Design Guidelines for Developing Class Libraries
The design guidelines for developing class libraries are for library development that extends and interacts with the .NET Framework. The goal of the .NET Framework design guidelines is to help library designers ensure that their users reap the benefits of API consistency and ease of use by providing a unified programming model that is independent of the programming language used for development. It is strongly recommended that you follow these design guidelines when developing classes and components that extend the .NET Framework. Inconsistent library design adversely affects developer productivity and discourages adoption.
These guidelines are intended to help class library designers understand the trade-offs between different solutions. There might be situations where good library design requires that you violate these design guidelines. Such cases should be rare, and it is important that you have a clear and compelling reason for your decision.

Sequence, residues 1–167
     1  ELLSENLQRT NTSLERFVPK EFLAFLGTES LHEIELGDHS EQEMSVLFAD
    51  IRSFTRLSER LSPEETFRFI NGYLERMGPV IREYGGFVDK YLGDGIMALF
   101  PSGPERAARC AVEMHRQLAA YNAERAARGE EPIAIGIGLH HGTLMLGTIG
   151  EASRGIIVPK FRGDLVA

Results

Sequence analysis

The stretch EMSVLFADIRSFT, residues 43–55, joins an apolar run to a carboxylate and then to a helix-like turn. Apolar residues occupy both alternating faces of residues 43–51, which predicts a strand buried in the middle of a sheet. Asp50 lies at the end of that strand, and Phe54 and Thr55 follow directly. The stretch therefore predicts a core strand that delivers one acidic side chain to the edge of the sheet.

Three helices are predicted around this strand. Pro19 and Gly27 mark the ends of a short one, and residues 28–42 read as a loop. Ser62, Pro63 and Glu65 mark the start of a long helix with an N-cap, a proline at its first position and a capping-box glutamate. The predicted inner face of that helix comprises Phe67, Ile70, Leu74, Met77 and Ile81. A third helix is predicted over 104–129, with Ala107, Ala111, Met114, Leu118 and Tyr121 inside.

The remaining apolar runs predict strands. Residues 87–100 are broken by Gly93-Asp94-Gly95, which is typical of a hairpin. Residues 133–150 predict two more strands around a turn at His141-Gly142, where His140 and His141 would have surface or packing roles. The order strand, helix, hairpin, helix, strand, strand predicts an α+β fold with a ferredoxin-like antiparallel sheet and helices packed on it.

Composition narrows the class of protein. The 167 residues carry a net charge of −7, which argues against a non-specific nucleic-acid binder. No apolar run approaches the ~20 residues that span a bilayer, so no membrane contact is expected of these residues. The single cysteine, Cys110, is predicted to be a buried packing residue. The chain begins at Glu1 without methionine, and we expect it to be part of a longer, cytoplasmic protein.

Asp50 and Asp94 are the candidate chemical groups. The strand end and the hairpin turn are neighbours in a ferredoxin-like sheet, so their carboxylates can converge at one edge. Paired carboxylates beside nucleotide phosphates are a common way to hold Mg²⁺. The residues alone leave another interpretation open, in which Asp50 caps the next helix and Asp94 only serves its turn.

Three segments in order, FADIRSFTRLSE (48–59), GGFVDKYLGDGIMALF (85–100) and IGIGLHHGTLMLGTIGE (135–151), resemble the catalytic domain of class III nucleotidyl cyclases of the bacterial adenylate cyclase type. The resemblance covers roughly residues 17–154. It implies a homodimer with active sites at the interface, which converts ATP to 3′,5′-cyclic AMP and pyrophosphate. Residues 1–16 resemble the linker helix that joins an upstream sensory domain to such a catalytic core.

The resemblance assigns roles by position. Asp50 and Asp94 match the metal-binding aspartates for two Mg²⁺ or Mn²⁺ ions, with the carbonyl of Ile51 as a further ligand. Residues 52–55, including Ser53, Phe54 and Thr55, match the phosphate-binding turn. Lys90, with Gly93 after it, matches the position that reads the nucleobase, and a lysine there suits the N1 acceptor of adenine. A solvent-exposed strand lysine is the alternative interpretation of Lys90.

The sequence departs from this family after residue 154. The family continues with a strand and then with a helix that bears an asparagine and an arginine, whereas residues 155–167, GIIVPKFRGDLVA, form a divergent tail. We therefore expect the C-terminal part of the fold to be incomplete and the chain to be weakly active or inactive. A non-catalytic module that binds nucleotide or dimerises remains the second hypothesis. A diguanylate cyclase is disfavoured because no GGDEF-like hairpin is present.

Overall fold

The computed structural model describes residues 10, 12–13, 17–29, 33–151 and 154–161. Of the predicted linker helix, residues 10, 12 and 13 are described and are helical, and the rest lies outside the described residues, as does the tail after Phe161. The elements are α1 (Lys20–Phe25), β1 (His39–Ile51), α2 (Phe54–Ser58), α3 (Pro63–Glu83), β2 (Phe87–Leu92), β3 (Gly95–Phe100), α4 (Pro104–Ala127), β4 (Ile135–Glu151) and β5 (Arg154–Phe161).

Portions Copyright 2005 Microsoft Corporation. All rights reserved.
Portions Copyright Addison-Wesley Corporation. All rights reserved.
For more information on design guidelines, see the "Framework Design Guidelines: Conventions, Idioms, and Patterns for Reusable .NET Libraries" book by Krzysztof Cwalina and Brad Abrams, published by Addison-Wesley, 2005.
In This Section
Guidelines for Names
Describes guidelines for naming types and members in class libraries.
Type Design Guidelines
Describes guidelines for using static and abstract classes, interfaces, enumerations, and structures.
Member Design Guidelines
Describes guidelines for designing and using properties, methods, constructors, fields, events, and operators. This section also describes best practices for designing parameters.
Designing for Extensibility
Describes guidelines for designing libraries that can be extended.
Design Guidelines for Exceptions
Describes design guidelines for designing, throwing, and catching exceptions.
Describes guidelines for using arrays and attributes, and guidelines for implementing equality operators.
Asynchronous Programming Design Patterns